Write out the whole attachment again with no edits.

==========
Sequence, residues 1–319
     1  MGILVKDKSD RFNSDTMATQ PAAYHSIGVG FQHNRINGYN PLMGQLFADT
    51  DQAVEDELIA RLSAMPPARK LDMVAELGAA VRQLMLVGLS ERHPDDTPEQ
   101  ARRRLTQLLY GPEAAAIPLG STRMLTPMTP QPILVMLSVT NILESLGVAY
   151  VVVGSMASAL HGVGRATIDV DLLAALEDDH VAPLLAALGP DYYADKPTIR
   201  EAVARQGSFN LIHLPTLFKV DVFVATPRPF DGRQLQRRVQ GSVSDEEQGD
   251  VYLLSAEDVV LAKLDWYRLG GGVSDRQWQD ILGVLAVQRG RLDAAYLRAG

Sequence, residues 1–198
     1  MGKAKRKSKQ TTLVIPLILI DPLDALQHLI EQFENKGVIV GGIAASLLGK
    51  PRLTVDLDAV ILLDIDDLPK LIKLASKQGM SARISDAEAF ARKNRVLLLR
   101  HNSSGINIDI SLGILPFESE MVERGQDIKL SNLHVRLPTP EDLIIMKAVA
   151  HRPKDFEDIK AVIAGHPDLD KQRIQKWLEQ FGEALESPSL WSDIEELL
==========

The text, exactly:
Sequence, residues 1–319
     1  MGILVKDKSD RFNSDTMATQ PAAYHSIGVG FQHNRINGYN PLMGQLFADT
    51  DQAVEDELIA RLSAMPPARK LDMVAELGAA VRQLMLVGLS ERHPDDTPEQ
   101  ARRRLTQLLY GPEAAAIPLG STRMLTPMTP QPILVMLSVT NILESLGVAY
   151  VVVGSMASAL HGVGRATIDV DLLAALEDDH VAPLLAALGP DYYADKPTIR
   201  EAVARQGSFN LIHLPTLFKV DVFVATPRPF DGRQLQRRVQ GSVSDEEQGD
   251  VYLLSAEDVV LAKLDWYRLG GGVSDRQWQD ILGVLAVQRG RLDAAYLRAG

Sequence, residues 1–198
     1  MGKAKRKSKQ TTLVIPLILI DPLDALQHLI EQFENKGVIV GGIAASLLGK
    51  PRLTVDLDAV ILLDIDDLPK LIKLASKQGM SARISDAEAF ARKNRVLLLR
   101  HNSSGINIDI SLGILPFESE MVERGQDIKL SNLHVRLPTP EDLIIMKAVA
   151  HRPKDFEDIK AVIAGHPDLD KQRIQKWLEQ FGEALESPSL WSDIEELL